- Associated Press - Saturday, September 16, 2017

SOUTH CHARLESTON, W.Va. (AP) - When “The Glass Castle” premiered in Welch on Aug. 11, part of what it showcased - besides the state of West Virginia - was the behind-the-scenes work of the West Virginia Film Office.

“We assisted with scouting locations, working with the city to close down roads because they needed to have control of a couple of areas during filmmaking,” said former Film Office director Pam Haynes.

“We assisted with connecting with some local crew available for hire. We were pleased with that,” said Haynes of the film, which is based on a memoir by Jeannette Walls about her harrowing childhood that included growing up in Welch.

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But things have changed since the Film Office played that small, but essential role in the making of the nationally released film.

Haynes quit her role and returned to her previous job as a paralegal with a Charleston law firm after it became clear the West Virginia Legislature intended to cut the entire $341,000 budget for the office - founded in 1994 - in a cost-saving move. Legislators left in place a $5 million state film tax investment credit, intended to lure film and video productions to the state.

Many functions of the Film Office as a clearinghouse and guiding hand for film and video projects have since been absorbed by the Division of Tourism in the West Virginia Department of Commerce.

Chelsea Ruby, the commissioner of tourism, said her office is in the process of adapting to the new responsibilities that have been transferred to her staff.

“The Film Office is still open, but we are undergoing some restructuring due to the loss of funding for the office,” she said.

Bill Hogan, a managing member of Image Associates LLC, a West Virginia-based advertising and media production house, spent many hours lobbying legislators about the significance of the Film Office’s work. Cutting funding for the office was “penny-wise and pound foolish,” he said.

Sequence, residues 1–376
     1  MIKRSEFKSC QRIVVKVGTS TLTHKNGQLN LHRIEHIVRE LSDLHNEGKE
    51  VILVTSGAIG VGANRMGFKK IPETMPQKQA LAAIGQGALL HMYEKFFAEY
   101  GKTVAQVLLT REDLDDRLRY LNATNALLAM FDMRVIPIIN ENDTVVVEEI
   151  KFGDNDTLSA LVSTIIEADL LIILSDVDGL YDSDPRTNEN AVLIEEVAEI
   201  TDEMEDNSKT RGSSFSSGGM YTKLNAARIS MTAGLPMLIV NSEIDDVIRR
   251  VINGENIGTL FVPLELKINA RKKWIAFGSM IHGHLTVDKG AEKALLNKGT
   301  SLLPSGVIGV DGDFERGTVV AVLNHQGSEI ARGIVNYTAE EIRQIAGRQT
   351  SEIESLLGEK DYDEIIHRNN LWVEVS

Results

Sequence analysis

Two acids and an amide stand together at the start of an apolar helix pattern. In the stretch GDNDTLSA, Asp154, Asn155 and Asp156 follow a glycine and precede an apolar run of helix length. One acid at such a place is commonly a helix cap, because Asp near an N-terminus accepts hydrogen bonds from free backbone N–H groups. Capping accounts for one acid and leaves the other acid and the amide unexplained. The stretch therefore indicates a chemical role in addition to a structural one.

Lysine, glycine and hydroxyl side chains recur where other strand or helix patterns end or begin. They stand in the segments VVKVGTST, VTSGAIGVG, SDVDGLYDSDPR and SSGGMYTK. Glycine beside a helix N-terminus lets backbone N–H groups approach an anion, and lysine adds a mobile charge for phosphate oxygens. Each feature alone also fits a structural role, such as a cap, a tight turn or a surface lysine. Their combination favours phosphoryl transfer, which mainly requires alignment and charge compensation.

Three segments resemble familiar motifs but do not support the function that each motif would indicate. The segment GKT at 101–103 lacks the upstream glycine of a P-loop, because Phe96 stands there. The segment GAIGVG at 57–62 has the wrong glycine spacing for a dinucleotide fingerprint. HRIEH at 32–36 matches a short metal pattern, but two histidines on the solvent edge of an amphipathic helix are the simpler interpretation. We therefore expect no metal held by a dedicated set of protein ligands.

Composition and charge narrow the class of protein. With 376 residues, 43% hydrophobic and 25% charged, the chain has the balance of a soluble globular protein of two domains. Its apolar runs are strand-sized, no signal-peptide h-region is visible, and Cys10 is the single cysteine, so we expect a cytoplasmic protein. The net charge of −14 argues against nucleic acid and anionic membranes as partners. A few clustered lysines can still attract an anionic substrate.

“It was the dumbest move that could have been made. Myself and many other filmmakers expended endless energy, visited with virtually everybody on both bodies of our Legislature to convince them of that. Politics got in the way,” he said.

Hogan said he has spoken with the Tourism Office about its new role in guiding film production in the state, which involves everything from location scouting to training in-instate film production crews, but he is concerned about the changed circumstances.

“I don’t want to dismiss their efforts in trying to deal with something that has fallen in their laps. They are clearly trying to be proactive about maintaining the Film Office,” he said. “But without a point person available it leaves not only producers, but the entire film community wondering who we can speak with.”

There is no film commissioner or staff for the film commissioner, said Hogan.

“There is no Pam Haynes a producer can pick up the phone to speak to or a location manager when they’re shopping for locations,” he said. “We really have been used to great communication through a single funnel. There’s no one who is experienced.”